Graham, in his inaugural address to the SBC Executive Committee after his election as SBC president in 2002, noted his support for creating more Christian schools.

“I think it’s time that Southern Baptist churches and associations and groups of churches look more seriously at establishing Kingdom schools, Christian schools,” Graham said as part of an address on the SBC’s Empowering Kingdom Growth initiative. “I think it’s time we look at not only … equipping young leaders at seminaries and colleges, but we look more seriously at starting at the earliest years, developing disciples and empowering kingdom growth through education.”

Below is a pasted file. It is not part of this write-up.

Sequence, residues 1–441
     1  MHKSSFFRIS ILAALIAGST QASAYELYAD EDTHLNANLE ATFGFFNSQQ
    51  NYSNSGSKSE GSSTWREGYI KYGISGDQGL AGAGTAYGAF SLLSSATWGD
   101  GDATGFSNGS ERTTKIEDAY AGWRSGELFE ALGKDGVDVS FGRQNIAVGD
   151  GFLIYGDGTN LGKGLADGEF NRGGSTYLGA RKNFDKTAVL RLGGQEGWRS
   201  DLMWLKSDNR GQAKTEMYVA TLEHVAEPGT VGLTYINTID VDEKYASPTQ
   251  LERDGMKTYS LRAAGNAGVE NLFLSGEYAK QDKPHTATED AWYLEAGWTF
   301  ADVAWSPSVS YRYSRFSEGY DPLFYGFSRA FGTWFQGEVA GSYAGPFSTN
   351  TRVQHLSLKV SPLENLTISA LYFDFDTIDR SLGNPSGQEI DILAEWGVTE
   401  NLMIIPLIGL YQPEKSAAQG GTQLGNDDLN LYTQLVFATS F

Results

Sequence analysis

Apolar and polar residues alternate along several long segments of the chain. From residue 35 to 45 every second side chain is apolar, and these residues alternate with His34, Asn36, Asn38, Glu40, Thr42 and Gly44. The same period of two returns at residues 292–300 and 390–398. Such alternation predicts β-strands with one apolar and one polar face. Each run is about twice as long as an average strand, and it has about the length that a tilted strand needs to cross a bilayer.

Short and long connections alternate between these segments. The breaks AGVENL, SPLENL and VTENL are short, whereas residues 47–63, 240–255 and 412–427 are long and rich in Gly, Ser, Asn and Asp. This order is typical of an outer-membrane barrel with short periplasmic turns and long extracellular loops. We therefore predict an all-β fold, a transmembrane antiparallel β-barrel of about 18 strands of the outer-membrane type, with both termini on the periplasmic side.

Prestonwood Christian Academy, sponsored by Graham’s church, provides a Christ-centered education for more than 1,000 students in lower and upper schools.

In The Washington Times May 12, an official with the SBC’s Ethics & Religious Liberty Commission, stated that Southern Baptists have “never said public education is incompatible with Christian life.”

Barrett Duke, ERLC vice president for public policy, told the newspaper, “We have suggested parents make sure their children are receiving appropriate instruction in public schools and that they remain engaged with all of their children’s education.

“We are also concerned about what happens in public schools, some of which is contrary to Southern Baptist faith and sensitivities,” Duke said.

The Resolutions Committee will meet in Indianapolis prior to the SBC annual meeting. They will consider submitted proposals and determine what resolutions will be submitted to the Convention for consideration.